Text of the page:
Two Cambridge ladies, Mrs Stace and Mrs Lilley, enjoyed the friendship of a blind neighbour, Mrs. Chandler. It was Mrs Chandler who suggested that a space should be made available for local blind people to come together for recreation and support.

Mrs Lilley Mrs Stace

Photos: Mrs Lilley (left) and Mrs Stace (right)

Mrs Stace rented a parish room at St Andrew’s Church for the afternoon of 28thOctober 1912. They planned a programme which began with a reading, then provided a class in basket weaving. This was followed by an entertainment and finally, tea.

From that time Friday afternoons offered a time when blind people in Cambridge could meet for comradeship, learn a new skill and enjoy themselves. Right from the start, the Society’s aim was not simply to provide sympathy and support, but to enable visually impaired people to become self-reliant. This aim continues today.

Read Mrs Stace’s profile, transcribed from a newspaper article published at the time.

How were blind people looked after before this time?

As early as 1791, a school for blind children had been established in Liverpool but there was no systematic help overall. In the Victorian period, much of the work undertaken with blind people varied depending on social class.  Whilst the well-off might have individual tuition in Braille or servants to help them, care of blind paupers focused on providing them with a trade rather than teaching them to read. Improvements in health, particularly in surgery and following the decline of diseases like smallpox, had not eradicated blindness but managed to reduce its incidence. What would become the Royal National Institute for the Blind (RNIB) had been created in 1868. The organisation initially focused on encouraging the teaching of Braille, but over time it expanded its services to include care homes and, by the 1920s to providing wireless radio access to those in need, as well as other new technologies.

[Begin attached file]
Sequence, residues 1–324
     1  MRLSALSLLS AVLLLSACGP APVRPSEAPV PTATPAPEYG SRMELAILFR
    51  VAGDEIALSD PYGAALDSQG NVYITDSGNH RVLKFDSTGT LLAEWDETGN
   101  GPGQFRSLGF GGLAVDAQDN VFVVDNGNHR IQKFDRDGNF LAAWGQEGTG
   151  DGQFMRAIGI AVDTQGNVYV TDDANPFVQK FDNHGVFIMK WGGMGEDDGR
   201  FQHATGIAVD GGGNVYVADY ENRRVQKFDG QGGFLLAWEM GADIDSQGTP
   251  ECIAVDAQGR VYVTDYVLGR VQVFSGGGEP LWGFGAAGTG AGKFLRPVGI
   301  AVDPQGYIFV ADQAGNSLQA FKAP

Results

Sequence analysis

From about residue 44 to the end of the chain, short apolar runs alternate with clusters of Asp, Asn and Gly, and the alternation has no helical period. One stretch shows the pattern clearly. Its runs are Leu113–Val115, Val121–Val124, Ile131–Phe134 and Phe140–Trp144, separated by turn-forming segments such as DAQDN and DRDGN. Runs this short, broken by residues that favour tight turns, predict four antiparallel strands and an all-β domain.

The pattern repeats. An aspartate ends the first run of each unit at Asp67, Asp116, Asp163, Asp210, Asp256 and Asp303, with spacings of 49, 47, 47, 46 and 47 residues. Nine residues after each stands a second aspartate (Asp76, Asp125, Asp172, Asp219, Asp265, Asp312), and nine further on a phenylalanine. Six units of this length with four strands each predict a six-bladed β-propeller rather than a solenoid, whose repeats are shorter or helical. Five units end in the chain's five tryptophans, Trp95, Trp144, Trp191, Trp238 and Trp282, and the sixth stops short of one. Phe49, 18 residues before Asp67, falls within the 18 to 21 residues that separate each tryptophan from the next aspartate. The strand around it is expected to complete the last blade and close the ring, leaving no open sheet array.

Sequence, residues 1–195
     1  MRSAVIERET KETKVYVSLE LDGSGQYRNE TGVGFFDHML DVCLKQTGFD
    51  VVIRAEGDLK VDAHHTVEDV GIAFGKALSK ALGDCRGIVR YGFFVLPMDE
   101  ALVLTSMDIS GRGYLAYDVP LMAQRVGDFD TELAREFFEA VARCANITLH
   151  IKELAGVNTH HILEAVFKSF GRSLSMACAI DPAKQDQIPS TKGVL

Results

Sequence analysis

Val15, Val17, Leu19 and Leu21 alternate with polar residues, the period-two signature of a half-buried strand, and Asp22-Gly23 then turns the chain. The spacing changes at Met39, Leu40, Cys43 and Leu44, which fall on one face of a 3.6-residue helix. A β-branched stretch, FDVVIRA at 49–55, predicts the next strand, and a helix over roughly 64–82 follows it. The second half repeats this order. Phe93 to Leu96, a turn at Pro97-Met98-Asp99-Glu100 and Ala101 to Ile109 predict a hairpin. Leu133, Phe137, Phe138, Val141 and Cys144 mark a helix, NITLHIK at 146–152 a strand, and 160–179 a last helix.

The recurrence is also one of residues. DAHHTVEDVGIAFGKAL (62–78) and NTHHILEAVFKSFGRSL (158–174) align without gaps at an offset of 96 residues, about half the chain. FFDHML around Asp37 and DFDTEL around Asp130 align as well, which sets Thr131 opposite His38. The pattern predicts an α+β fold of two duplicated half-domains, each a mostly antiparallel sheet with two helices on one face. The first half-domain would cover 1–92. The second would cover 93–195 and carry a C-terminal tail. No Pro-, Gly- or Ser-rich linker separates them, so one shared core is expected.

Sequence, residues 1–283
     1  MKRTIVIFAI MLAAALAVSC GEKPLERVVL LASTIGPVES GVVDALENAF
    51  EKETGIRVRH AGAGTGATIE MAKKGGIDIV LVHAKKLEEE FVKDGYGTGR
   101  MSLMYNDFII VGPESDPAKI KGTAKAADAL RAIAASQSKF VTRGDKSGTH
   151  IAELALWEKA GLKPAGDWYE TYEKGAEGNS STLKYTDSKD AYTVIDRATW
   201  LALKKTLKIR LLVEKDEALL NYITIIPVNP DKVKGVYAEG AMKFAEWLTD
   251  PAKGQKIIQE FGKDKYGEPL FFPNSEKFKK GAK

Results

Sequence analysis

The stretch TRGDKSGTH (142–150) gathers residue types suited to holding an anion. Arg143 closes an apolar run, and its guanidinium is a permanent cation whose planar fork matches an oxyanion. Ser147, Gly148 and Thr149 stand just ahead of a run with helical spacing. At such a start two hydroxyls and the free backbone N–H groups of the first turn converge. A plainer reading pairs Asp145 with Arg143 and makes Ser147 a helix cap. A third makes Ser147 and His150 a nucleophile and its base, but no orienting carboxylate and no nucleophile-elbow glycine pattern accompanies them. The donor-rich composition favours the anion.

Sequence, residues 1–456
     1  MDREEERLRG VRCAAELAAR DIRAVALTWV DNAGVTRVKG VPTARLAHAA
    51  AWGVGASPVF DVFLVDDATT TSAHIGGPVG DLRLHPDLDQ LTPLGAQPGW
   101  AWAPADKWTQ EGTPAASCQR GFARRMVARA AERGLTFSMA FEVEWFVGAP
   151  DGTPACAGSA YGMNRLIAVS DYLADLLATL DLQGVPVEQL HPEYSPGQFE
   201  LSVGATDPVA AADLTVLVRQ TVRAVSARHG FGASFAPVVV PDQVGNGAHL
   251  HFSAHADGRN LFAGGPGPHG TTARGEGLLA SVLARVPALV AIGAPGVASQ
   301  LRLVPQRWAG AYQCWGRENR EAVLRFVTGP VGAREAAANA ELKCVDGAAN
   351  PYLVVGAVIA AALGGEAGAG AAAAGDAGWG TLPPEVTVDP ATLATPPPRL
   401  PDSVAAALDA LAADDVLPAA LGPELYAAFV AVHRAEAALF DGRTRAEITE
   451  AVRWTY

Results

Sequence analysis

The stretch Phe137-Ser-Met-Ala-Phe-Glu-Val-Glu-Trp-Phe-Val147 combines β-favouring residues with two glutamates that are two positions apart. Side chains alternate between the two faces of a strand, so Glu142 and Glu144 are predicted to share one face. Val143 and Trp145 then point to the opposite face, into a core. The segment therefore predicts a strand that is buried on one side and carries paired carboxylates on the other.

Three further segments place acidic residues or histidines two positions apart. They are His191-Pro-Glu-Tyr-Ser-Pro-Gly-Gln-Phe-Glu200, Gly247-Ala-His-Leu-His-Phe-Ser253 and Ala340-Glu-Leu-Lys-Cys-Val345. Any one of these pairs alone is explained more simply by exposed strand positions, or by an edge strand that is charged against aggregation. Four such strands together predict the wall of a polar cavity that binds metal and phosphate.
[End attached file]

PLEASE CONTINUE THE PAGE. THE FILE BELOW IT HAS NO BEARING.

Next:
The amount of government aid for the poor was extremely limited. Central funding commenced with the 1893 Education Act which required that all children be educated, including those who were blind and partially sighted. How this was to be achieved was not made clear and was often left to local solutions. In these years, basket weaving and craft-work were the mainstay of the Cambridge Society’s activities. The Society was funded by donations and by the sale of goods made by blind people themselves. In 1915, the Blind Workers’ Shop was established at 5 Emmanuel Street, moving to 28 Regent Street in 1938. It sold baskets, wickerwork, knitted items and other goods made by blind people and took orders for the caning of chairs.

In 1919, Mrs. Stace was funded by subscriptions from friends to engage a home teacher to visit blind people. This was an important step in the development of the Society and a period of growth for Cam Sight overall. It began to support people in areas surrounding Cambridge and the number of members increased particularly in the aftermath of the Great War.

Blind Club - basket weavers Phillip Brand - client in 1910s
Photos: 'Blind Club' basket weavers (left) and Phillip Brand, blind client, with a model fire engine he made (right)